Additionally, the long awaited release of regulations in April 2011 to guide the implementation of Uganda’s Access to Information Act (ATI) of 2005, permits the government to withhold information related to the operation of public bodies, as well as commercial information, if release of the information could put the third party “at a disadvantage in contractual or commercial negotiations.” Furthermore, the regulations include a number of burdensome provisions that make access unnecessarily costly and difficult and, as such, they are not in the spirit of the strong right to information provision found in Uganda’s Constitution (WRI’s complete review of the regulations can be read here).
Uganda has a history of civil unrest and violent conflict, and it is located in the Great Lakes region marked by political instability and war. Without transparency around the emerging oil industry, the resource curse could become a reality in Uganda.
On the other hand, the release of detailed oil payment information could be used to hold governments accountable for fiduciary commitments and ensure communities affected by resource extraction receive fair benefits.
Recommendations for the SEC
To be effective, however, the SEC regulations must meet Congressional intent of Section 1504 and include the following elements (WRI’s complete comments to the SEC):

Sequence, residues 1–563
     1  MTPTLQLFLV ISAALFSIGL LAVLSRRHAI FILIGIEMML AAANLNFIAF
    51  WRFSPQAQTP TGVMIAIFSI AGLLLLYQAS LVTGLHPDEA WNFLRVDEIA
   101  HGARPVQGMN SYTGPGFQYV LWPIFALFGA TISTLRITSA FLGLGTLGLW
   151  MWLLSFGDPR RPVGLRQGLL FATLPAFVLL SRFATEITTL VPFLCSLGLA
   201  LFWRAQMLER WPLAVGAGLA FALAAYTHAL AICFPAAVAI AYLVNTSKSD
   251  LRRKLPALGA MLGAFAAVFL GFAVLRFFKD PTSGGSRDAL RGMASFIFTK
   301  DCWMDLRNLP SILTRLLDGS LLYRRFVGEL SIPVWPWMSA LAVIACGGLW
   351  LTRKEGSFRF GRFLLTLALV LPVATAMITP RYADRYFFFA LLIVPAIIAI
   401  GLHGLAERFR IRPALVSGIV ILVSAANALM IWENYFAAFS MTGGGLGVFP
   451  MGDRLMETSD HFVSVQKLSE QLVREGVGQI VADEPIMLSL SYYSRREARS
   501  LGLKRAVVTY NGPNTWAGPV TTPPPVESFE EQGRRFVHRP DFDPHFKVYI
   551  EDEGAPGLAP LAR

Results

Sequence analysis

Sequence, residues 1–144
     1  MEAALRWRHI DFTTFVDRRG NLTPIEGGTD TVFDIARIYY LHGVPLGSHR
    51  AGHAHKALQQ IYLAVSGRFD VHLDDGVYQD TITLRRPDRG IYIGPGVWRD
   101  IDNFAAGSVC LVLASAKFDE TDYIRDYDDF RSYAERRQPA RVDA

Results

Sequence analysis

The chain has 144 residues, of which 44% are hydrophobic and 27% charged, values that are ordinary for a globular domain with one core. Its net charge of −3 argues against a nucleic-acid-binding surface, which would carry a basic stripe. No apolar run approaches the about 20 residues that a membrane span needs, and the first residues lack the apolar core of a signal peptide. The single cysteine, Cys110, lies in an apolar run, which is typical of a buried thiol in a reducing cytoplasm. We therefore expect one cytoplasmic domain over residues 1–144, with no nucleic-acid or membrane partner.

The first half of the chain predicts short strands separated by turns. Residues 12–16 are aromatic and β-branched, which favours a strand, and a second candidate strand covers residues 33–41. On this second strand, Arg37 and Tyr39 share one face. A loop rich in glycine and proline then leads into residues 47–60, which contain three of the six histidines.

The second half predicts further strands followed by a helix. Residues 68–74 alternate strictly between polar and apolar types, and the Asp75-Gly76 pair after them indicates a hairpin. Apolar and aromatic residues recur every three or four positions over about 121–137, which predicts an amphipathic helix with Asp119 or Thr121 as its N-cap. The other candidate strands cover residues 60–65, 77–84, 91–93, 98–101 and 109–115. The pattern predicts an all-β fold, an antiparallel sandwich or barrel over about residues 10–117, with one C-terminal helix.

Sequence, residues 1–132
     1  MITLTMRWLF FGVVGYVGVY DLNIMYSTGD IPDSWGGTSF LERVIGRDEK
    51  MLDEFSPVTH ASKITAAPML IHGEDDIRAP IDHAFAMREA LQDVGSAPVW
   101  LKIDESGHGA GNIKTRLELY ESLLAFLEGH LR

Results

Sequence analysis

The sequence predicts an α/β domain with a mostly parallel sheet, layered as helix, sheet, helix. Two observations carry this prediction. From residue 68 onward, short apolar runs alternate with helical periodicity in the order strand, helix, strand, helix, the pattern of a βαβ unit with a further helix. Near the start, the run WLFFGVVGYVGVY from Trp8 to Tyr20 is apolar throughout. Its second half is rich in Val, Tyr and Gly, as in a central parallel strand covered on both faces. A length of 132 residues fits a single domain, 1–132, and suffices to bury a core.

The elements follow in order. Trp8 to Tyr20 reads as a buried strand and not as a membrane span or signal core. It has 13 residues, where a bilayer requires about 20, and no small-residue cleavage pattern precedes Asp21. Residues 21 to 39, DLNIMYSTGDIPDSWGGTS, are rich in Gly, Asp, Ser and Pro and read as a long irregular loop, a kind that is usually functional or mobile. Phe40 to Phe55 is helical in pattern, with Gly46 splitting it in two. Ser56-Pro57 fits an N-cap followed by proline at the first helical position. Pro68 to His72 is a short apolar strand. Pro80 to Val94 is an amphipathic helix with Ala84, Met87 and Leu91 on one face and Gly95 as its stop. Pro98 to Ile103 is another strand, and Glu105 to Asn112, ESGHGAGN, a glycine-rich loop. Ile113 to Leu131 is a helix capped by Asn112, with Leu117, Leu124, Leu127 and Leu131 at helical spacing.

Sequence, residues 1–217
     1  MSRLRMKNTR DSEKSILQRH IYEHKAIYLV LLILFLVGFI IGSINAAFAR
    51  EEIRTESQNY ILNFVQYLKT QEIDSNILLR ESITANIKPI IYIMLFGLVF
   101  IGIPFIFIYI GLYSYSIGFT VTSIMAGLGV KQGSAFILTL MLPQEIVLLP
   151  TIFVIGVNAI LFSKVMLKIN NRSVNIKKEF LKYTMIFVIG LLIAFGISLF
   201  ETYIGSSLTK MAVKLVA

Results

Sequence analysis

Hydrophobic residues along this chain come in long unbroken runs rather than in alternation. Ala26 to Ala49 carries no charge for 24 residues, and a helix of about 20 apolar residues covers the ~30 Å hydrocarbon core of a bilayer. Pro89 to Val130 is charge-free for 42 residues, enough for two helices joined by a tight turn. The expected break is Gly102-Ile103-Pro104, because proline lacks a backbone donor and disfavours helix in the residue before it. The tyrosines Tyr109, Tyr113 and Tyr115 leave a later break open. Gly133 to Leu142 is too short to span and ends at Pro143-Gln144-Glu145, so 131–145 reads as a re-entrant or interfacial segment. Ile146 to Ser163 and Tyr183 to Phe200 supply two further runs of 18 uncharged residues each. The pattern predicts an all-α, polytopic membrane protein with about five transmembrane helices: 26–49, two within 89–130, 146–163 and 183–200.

- No Exemptions: To ensure robust coverage and leakage, the regulations should not provide any exemptions or exceptions. All extractive resource companies that file annual reports with the SEC should comply irrespective of their size, ownership structure or nationality.
- Definition of Terms: To support implementation and enforcement, and to limit discretion and any interpretation inconsistent with the statutory language of Section 1504, the regulations should provide clear and precise definitions of all critical terms (e.g., project, subsidiary).
- Subsidiaries and Joint Ventures: The regulations should clarify that all companies and their subsidiaries—no matter the number of intermediaries—which file annual reports with the SEC must abide with Section 1504, even if the majority holder, controlling partner, subsidiary or other extractive resource entity in a joint venture does not need to comply.
- Payments: Information on all common payments should be disclosed, including information on payments in cash and in kind (including payments in stocks, dividends and shares). Company payments should be filed with the SEC and subject to independent audits.
- Reporting Levels: Information on company payments to all legally-established, formal levels of foreign government—national and sub-national; federal, state and local—and all branches of government—executive, legislature, judiciary—should be specified and not aggregated.
The original deadline for the SEC to release the regulations was in April 2011. This deadline has been extended to August and it is important that the release not be further delayed.